Two Supreme Court Justices have been killed. Now a college professor, who clerked for one of the two men, who's also having an affair with one of his students, is given a brief by her, that states who probably, wanted to see these two men dead. He then gives it to one of his friends, who works for the FBI. When the FBI director reads it, he is fascinated by it. One of the president's men who read it, is afraid that if it ever got out, the president could be smeared. So, he advises the president to tell the director to drop it, which he does. But later the professor and the girl were out and he was drunk and when he refused to give her the keys she stepped out of the car. When he started it, it blew up. She then discovers that her place has been burglarized and what was taken were her computer and her disks. Obviously, her brief has someone agitated. She then turns to her boyfriend's friend at the FBI, he agrees to come meet her but before he does someone shoots him and takes his place... Written by
Although the Tulane Law School has moved to a new building since this film was released, the room where Julia Roberts and Sam Shepard meet for class early in the move is still a classroom: Jones Hall Rm. 102. See more »
When Gray is replaying the Pelican Brief recording, at the end he turns off the recorder according to the sound of Darby not talking anymore. The recorder button is already shown as off and he pushes the play button. This shot should have been shown at the beginning of his recap. See more »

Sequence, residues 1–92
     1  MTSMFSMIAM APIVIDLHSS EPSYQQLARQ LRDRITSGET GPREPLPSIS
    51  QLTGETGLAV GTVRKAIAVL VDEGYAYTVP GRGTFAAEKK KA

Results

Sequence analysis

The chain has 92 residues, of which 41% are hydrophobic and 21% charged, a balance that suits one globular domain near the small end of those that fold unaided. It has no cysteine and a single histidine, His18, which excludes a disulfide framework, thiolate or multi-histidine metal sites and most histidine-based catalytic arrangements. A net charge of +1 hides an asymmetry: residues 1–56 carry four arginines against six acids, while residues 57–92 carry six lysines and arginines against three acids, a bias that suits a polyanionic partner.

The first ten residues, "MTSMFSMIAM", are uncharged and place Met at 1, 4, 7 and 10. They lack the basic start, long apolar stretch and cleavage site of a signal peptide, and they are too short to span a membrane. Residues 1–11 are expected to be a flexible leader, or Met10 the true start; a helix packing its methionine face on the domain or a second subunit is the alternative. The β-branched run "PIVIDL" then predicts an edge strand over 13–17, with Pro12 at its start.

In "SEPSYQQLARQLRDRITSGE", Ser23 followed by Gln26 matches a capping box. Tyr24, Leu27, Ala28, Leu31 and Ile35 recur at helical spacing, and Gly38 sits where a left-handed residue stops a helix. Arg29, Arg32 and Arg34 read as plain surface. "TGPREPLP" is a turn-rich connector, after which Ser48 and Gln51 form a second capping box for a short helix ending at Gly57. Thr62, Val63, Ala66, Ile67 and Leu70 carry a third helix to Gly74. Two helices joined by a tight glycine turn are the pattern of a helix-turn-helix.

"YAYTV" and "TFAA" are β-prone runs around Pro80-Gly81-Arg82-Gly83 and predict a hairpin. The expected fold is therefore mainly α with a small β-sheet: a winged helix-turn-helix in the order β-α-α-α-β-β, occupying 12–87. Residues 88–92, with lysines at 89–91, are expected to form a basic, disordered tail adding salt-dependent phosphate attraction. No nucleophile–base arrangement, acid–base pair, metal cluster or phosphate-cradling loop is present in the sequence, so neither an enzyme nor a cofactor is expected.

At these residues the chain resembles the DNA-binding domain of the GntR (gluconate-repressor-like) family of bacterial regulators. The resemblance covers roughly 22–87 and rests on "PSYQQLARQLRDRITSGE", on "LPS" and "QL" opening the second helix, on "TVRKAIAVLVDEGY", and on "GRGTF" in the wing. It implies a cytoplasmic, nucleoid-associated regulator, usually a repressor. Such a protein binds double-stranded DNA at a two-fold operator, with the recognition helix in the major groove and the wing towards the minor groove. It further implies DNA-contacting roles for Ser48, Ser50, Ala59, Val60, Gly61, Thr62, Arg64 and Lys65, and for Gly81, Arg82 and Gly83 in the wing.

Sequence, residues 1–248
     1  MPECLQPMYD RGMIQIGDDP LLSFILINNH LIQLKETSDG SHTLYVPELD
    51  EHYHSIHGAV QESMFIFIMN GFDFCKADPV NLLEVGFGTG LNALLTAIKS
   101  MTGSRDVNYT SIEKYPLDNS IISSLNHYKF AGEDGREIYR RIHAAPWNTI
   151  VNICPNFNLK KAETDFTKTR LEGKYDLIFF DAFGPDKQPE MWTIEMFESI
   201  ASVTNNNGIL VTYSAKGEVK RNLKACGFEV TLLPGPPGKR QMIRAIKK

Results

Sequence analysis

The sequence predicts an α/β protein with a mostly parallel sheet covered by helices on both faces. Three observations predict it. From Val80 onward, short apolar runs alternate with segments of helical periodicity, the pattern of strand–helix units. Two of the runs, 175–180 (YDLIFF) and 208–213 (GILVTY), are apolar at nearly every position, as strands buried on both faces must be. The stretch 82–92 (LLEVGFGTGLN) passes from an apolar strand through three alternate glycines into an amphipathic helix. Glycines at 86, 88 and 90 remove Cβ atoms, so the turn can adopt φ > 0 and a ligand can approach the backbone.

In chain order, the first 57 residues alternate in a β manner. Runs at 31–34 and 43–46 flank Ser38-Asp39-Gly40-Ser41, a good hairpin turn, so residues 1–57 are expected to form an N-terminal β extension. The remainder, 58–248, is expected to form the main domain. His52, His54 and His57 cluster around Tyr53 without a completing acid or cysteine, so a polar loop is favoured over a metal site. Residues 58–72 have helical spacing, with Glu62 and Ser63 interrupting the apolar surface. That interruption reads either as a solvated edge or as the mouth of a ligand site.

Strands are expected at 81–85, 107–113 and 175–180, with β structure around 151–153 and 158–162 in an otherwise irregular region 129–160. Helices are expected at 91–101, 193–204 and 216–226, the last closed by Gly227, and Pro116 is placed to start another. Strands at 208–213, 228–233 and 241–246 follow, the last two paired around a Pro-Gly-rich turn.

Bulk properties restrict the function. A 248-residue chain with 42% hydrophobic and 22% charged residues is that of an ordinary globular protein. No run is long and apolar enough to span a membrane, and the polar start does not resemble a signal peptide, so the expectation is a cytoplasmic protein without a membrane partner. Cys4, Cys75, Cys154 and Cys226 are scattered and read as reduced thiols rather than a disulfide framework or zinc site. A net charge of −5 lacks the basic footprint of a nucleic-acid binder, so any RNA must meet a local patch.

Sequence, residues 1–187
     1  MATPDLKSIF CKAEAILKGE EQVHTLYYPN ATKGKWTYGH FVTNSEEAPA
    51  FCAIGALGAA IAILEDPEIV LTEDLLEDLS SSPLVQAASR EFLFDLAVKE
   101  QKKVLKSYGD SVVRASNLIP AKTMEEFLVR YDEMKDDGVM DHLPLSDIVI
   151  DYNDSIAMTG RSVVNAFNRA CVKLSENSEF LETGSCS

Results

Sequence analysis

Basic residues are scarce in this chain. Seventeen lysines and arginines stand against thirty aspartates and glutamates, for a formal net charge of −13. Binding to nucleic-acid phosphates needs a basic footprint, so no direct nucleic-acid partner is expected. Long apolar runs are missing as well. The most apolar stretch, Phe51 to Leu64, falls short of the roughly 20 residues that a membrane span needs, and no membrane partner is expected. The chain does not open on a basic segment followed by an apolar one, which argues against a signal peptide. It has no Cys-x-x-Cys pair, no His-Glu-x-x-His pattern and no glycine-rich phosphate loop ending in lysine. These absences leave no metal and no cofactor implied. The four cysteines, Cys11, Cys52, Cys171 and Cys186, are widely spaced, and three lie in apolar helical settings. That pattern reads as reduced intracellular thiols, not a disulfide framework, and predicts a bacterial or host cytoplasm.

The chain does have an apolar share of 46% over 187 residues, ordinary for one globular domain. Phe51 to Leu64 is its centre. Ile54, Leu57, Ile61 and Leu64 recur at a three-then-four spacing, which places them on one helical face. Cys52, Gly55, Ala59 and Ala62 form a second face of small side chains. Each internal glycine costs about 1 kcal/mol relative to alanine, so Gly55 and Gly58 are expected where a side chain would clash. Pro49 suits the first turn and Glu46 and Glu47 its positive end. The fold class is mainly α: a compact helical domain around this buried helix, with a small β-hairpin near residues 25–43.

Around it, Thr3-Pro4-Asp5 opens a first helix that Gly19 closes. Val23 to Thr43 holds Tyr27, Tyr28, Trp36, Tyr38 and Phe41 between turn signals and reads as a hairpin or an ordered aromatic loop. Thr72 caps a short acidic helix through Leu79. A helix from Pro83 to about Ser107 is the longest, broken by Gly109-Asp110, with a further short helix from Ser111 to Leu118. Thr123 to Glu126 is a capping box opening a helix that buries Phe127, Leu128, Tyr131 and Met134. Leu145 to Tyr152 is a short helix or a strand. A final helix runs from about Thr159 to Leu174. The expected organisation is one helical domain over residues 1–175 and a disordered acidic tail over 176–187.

Any of those signs got my name on 'em?
Quite a few.
What do they say?
The usual: Death to Rosenberg, Retire Rosenberg, Cut off the oxygen.
That's my favorite. Of course you, Mr Grantham, did pretty good by me your last time out: Rosenberg equals the government over business, the individual over government, the environment over everything. And the Indians? Oh, give 'em whatever they want.
Well with all due respects sir, that wasn't my line, that was a quote.
From one of your...
See more »
I'm not much of a fan of either Julia Roberts or Denzel Washington. With Washington, his race always comes in to every movie he stars in, Usually with him being on the end of some form of racial abuse. As for Roberts, she just bores me.
Plot in A Paragraph: Darby Shaw (Julia Roberts) a law student writes a legal brief detailing her theory on why two Supreme Court justices were assassinated and under whose orders, and shows it to her law professor, and lover Thomas Callahan (Sam Shepard). He gives a copy to his friend Gavin Verheek (John Heard) at the FBI. Before long Callaghan is dead and she reaches out to Verheek and Washington Herald reporter Gray Grantham (Denzel Washington) for help.
Amazingly John Grisham wrote the part of Darby Shaw with Julia Roberts in mind. Roberts read the book once it was finished and agreed to the role without even seeing a script. I find this amazing as she is woefully miscast as a law student, as she struggles with the dialogue, and lacks any conviction as a believable law student.
Made at the height of Roberts popularity and Washington was hot coming off the back of his Oscar nomination for "Malcolm X" it was a great pairing!! I think if these two made the stinker "I Love Trouble" (That Roberts followed this up with) that year it still would have been a hit!! Despite enjoying it, and some great performances, I will probably never watch this again
My race bug bearer of watching Washington came up 3 times during this movies run time! As for Roberts she continues to be a popular actress, however I lost interest in her and her movies a long time ago, I have only seen five of her movies since 2000.
0 of 0 people found this review helpful.
Was this review helpful to you?